Saturday, June 25, 2005
The modern bikini was invented by engineer Louis Reard in Paris in 1946 (introduced on July 5), and named after Bikini Atoll, the site of nuclear weapon tests in the Marshall Islands, on the reasoning that the burst of excitement it would cause would be like the atomic bomb.
Reard's suit was a refinement of the work of Jacques Heim who, two months earlier, had introduced the "Atome" (named for its size) and advertised it as the world's "smallest bathing suit". Reard split the "atome" even smaller, but could not find a model who would dare to wear his design.
Micheline Bernardini, a nude dancer from the Casino de Paris, was the first woman to wear the bikini in public, as a catwalk model for Reard's swimware collection.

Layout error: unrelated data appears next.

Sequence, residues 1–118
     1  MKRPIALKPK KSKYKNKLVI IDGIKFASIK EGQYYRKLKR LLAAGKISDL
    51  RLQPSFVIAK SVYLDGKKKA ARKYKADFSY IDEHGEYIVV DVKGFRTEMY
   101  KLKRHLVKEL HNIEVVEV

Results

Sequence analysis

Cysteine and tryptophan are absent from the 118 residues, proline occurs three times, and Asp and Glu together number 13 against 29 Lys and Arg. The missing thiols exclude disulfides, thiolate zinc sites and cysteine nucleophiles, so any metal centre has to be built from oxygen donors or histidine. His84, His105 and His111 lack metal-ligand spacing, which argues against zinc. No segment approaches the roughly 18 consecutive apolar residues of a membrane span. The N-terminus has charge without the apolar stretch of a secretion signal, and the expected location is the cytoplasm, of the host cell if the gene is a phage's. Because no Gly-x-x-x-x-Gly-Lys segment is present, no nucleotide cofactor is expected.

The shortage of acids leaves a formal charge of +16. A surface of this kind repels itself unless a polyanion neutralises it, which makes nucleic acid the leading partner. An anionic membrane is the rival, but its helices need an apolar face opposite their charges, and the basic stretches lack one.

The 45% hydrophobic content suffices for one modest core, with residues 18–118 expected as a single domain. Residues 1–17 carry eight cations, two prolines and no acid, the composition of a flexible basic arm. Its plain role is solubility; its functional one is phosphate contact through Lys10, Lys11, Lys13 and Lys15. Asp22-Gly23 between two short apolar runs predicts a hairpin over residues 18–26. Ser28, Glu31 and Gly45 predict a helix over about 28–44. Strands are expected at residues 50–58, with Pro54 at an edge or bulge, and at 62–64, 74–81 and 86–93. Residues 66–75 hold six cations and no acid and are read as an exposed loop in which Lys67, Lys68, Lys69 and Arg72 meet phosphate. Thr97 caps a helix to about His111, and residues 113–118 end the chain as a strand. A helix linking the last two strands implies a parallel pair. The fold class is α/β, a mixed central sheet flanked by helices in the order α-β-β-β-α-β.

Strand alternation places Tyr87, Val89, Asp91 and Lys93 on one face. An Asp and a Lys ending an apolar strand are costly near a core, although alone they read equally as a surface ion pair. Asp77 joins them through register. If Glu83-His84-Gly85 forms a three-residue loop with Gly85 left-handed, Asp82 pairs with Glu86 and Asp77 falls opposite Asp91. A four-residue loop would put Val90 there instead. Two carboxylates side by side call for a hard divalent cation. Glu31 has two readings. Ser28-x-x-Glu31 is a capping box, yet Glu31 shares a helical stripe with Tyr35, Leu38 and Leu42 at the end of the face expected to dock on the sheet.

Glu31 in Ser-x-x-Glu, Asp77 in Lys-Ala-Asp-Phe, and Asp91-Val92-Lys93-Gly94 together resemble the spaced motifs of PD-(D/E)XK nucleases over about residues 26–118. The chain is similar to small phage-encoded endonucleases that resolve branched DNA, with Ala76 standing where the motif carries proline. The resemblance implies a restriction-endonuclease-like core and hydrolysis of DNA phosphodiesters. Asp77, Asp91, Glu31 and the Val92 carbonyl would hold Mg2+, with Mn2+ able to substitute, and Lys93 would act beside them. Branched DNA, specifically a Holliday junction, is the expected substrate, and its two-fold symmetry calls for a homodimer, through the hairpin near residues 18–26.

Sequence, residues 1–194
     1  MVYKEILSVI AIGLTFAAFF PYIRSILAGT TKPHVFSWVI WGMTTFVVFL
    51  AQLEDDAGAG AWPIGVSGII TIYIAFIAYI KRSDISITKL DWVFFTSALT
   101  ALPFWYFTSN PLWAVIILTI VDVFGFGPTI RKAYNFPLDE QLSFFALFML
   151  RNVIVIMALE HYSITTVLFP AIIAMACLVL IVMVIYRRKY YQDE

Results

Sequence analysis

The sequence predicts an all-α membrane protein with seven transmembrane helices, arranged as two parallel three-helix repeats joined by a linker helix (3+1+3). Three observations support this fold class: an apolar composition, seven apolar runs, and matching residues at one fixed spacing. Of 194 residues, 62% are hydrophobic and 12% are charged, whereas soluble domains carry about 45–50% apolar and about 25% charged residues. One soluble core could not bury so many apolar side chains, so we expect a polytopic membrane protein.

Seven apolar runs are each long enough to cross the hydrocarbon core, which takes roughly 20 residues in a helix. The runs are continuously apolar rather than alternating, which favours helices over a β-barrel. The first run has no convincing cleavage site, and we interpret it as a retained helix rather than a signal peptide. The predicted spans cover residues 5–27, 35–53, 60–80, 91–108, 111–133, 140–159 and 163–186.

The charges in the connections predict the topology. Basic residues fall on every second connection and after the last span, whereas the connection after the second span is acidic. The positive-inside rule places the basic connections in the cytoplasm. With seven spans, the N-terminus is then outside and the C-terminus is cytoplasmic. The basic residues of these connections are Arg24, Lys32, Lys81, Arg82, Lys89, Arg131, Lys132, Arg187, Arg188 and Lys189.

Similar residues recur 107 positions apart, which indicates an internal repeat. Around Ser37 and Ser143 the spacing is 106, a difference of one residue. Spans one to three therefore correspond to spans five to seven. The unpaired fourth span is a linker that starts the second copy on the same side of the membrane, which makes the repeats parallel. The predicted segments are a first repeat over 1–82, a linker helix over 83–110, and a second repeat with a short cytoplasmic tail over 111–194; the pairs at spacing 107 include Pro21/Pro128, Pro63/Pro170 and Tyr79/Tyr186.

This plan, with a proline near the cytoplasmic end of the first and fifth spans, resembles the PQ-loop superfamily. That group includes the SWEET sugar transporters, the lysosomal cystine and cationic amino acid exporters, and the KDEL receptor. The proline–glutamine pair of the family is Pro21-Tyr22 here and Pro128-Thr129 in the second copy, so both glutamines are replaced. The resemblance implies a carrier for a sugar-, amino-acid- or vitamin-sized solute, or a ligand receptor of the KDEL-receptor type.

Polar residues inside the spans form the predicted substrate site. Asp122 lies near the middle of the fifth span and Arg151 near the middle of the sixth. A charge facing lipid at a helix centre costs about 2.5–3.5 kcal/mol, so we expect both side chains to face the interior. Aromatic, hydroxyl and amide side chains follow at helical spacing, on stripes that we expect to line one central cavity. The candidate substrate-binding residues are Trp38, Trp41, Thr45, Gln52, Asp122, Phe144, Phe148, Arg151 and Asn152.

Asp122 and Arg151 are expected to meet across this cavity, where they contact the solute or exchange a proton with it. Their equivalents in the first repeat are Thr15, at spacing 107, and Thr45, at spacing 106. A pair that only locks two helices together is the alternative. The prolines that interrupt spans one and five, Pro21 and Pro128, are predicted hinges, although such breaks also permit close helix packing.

It took fifteen years for the bikini to be accepted in the United States.
In 1951 bikinis were banned from the Miss World Contest. In 1957, however, Brigitte Bardot's bikini in the movie, "And God Created Woman" created a market for the swimwear in the US, and in 1960, Brian Hyland's pop song "Itsy Bitsy Teenie Weenie Yellow Polka Dot Bikini" inspired a bikini-buying spree.
Finally the bikini caught on, and by 1963, the movie Beach Party, starring Annette Funicello (emphatically not in a bikini) and Frankie Avalon, led a wave of films that made the bikini a pop-culture symbol.